Dish
Village of Kala, South Daghestan. 13th or 14th century 
"The village of Kala was the major centre of producing painted and  glazed pottery in medieval Daghestan. Pottery-making had been practised  there up until the Mongol invasion of the early 13th century but was  afterwards never resumed. 
 The Kala potters produced a wide range of articles: various jugs,  decorative and simple household dishes, etc. The dishes are mostly  large, with a marked plasticity of form; they are decorated with  stylized palmettes and pointed leaves painted in brown manganese on a  white background and later covered with turquoise-green cupric oxide.  The unrestrained manner of painting and its skilful arrangement on the  rounded surface of the dishes testify to the superb workmanship of local  craftsmen and a highly developed art of ornamentation. Ceramics from  Kala undoubtedly hold a place of honour among the examples of  stylistically related pottery of the same period from the Near Eastern  countries.”
SOURCE: The Museum of Oriental Art, Moscow

Dish

Village of Kala, South Daghestan. 13th or 14th century

"The village of Kala was the major centre of producing painted and glazed pottery in medieval Daghestan. Pottery-making had been practised there up until the Mongol invasion of the early 13th century but was afterwards never resumed.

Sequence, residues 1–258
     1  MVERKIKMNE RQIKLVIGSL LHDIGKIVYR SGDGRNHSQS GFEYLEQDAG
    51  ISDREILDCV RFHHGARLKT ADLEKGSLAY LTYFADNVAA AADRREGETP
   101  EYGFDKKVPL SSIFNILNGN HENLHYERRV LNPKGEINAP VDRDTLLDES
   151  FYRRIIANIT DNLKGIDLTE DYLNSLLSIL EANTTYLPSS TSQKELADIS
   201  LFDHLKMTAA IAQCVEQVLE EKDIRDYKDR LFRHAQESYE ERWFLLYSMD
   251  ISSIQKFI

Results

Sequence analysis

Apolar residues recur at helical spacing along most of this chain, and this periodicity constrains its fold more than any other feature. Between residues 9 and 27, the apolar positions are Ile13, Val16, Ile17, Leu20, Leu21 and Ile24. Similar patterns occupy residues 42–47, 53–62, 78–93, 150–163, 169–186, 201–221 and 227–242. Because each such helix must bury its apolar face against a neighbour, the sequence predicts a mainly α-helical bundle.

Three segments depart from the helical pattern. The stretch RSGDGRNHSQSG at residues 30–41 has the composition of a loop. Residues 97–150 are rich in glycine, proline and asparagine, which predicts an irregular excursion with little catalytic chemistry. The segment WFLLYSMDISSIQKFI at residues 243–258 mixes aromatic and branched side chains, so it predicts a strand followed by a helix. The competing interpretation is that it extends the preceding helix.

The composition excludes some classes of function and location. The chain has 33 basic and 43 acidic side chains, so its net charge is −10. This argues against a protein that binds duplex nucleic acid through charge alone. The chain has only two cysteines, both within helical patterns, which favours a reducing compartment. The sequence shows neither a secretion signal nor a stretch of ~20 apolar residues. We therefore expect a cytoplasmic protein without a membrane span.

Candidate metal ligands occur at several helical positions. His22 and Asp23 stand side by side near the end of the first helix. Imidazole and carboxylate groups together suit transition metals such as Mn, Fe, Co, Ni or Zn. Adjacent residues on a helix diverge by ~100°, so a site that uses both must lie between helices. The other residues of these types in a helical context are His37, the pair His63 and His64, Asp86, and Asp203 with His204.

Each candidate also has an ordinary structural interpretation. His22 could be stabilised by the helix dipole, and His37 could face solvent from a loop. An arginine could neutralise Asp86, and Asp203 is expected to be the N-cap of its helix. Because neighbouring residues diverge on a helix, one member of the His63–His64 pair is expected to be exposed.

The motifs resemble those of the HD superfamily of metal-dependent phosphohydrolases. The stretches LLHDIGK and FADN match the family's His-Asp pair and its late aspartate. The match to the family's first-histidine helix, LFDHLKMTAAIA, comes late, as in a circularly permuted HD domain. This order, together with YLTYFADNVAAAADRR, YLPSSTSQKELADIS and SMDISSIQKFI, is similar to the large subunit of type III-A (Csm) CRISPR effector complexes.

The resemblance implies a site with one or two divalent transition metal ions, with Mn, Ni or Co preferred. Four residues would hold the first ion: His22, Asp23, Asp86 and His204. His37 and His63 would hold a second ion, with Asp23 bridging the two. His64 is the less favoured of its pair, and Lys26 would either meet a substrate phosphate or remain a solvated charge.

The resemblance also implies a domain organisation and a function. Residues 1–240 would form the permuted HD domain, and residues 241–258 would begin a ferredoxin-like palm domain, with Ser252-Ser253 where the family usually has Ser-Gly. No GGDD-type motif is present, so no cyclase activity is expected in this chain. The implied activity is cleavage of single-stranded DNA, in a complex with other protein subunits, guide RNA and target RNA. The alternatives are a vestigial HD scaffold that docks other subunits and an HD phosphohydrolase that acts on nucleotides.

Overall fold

The Kala potters produced a wide range of articles: various jugs, decorative and simple household dishes, etc. The dishes are mostly large, with a marked plasticity of form; they are decorated with stylized palmettes and pointed leaves painted in brown manganese on a white background and later covered with turquoise-green cupric oxide. The unrestrained manner of painting and its skilful arrangement on the rounded surface of the dishes testify to the superb workmanship of local craftsmen and a highly developed art of ornamentation. Ceramics from Kala undoubtedly hold a place of honour among the examples of stylistically related pottery of the same period from the Near Eastern countries.”

SOURCE: The Museum of Oriental Art, Moscow

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